The aims and vision for this group.
In my vision for this new group, it will complement and be complemented by all of the available hyperbaric registries. Joint membership by individual institutions in both efforts seems desirable. The prior efforts of the Baromedical Research Foundation in enlisting several institutions to conduct hyperbaric research should also be noted. This group is responsible for the HORTIS (Hyperbaric Oxygen for Radiation Tissue Injuries) Trial that gave us a randomized controlled trial demonstrating that hyperbaric oxygen is effective in the treatment of radiation-induced proctitis.
We should also recognize the efforts and success of Dr. Lindell Weaver and his colleagues in conducting Department of Defense-sponsored studies investigating a potential role for hyperbaric treatment of traumatic brain injury in service members injured in the line of duty.
There is no question that the effort to establish a multi-institutional cooperative research group will be a daunting challenge. Our plans will need to address the following issues and many more:
• Unlike the NCI groups we have no initial federal funding, although an ambitious long-term goal will be to seek NIH funding. Start-up funds will be needed. The UHMS does not have deep pockets, and we will need individual and industry members to contribute to this cause.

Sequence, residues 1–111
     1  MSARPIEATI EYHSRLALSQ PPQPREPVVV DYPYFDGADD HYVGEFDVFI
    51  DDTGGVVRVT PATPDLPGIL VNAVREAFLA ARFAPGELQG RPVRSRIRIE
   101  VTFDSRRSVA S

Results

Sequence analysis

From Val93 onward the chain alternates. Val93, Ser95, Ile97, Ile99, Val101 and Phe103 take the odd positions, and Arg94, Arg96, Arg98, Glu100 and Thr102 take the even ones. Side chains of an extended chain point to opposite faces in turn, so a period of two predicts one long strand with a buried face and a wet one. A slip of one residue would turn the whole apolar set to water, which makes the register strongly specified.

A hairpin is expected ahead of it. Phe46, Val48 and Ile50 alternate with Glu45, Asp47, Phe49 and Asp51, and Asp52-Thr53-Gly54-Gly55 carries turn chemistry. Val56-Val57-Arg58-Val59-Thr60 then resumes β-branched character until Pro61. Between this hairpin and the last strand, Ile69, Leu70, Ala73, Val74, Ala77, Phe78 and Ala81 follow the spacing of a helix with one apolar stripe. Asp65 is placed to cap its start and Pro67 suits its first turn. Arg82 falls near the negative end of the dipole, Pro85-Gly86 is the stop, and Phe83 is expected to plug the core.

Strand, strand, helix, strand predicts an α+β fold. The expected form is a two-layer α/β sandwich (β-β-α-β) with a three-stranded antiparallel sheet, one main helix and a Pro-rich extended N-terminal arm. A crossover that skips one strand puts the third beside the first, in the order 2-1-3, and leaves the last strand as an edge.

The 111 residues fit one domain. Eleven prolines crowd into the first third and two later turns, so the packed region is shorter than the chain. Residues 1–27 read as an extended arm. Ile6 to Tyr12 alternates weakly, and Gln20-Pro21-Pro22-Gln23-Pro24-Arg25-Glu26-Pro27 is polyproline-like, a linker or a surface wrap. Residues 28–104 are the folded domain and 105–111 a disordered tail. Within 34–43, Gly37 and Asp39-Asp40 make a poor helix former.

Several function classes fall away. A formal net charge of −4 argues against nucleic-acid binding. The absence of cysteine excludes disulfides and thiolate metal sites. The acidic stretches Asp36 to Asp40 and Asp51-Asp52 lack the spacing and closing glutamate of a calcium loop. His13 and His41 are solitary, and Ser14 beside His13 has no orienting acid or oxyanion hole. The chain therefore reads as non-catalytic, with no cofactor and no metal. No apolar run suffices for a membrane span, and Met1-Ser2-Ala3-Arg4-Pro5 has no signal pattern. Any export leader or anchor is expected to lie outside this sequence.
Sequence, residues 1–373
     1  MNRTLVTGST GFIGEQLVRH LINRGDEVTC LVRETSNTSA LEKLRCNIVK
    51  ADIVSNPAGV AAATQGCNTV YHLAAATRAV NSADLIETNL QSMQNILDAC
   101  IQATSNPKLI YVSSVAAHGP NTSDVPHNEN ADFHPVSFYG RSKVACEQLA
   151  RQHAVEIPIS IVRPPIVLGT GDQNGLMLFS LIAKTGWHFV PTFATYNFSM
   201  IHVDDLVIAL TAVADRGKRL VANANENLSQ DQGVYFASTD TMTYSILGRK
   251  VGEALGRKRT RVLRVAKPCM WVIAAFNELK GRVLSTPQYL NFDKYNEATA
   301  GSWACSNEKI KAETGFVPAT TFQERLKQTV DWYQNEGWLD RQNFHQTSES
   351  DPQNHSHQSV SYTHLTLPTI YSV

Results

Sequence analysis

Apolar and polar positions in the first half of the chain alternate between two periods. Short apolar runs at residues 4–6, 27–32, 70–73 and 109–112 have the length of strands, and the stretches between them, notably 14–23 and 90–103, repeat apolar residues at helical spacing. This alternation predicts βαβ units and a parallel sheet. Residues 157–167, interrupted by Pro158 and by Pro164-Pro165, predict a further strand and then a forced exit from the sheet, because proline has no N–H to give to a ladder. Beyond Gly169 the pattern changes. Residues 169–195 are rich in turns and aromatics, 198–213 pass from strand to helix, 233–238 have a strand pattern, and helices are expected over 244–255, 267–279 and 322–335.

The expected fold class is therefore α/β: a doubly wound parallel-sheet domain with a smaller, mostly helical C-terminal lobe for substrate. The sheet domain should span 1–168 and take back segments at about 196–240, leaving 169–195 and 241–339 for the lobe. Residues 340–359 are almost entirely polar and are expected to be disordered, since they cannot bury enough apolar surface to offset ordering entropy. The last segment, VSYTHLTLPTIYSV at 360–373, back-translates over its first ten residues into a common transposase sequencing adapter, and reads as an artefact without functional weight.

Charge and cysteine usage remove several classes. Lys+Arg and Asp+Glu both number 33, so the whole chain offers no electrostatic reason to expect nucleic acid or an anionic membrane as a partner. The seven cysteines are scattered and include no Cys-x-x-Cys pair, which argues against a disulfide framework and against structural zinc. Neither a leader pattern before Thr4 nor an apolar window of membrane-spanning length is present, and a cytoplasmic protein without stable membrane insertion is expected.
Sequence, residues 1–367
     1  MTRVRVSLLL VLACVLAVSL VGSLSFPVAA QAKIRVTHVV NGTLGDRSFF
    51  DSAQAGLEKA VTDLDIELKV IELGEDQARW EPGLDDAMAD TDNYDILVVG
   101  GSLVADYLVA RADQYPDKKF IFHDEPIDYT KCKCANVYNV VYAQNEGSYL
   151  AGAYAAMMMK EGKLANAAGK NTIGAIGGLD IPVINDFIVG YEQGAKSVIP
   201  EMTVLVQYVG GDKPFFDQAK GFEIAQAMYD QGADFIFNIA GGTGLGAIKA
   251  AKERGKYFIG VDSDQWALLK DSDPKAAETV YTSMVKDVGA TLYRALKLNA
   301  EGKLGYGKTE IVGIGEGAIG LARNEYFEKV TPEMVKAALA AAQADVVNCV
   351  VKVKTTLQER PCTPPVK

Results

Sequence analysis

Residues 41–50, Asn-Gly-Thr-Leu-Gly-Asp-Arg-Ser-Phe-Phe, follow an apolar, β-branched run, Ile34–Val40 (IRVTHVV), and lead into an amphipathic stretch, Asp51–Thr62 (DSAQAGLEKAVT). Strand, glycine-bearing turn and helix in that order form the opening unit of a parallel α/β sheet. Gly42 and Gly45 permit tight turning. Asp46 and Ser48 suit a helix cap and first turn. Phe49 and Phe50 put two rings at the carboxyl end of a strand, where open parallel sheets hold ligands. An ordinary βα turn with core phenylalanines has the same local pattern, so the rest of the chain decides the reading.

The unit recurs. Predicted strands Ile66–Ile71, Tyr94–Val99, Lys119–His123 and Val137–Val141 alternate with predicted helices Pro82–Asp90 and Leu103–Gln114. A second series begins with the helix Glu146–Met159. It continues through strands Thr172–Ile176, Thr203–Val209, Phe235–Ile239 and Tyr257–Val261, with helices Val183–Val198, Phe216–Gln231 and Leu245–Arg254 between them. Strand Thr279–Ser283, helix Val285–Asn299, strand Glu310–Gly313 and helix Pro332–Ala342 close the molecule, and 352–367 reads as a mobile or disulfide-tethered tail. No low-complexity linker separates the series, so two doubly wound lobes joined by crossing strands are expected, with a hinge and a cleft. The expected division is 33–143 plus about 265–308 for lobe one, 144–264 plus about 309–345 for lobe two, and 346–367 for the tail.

• The administrative structure for the group will have to be established. We will need enlist an oversight committee to see that administrative issues are properly scrutinized.
• Qualifications for membership by applying institutions will have to be established. I believe that we should not restrict membership to academic institutions only. Many of our leaders in hyperbaric medicine come from community practitioners.
• I do not believe that we should restrict our membership to U.S. institutions. By using the aegis of the UHMS and its status as a 501(c)(3) organization we should qualify for many government-sponsored grant opportunities.
• Quality performance reviews will have to be conducted for member institutions to ensure compliance to the specific requirements of protocols for which they recruit and conduct participation.
• It will be essential that the group be able to secure adequate statistical support. Efforts to assist member institutions in data acquisition and entry will be vitally important.
• Procedures to acquire IRB (Institutional Review Board) approval will have to be addressed and simplified when and where possible.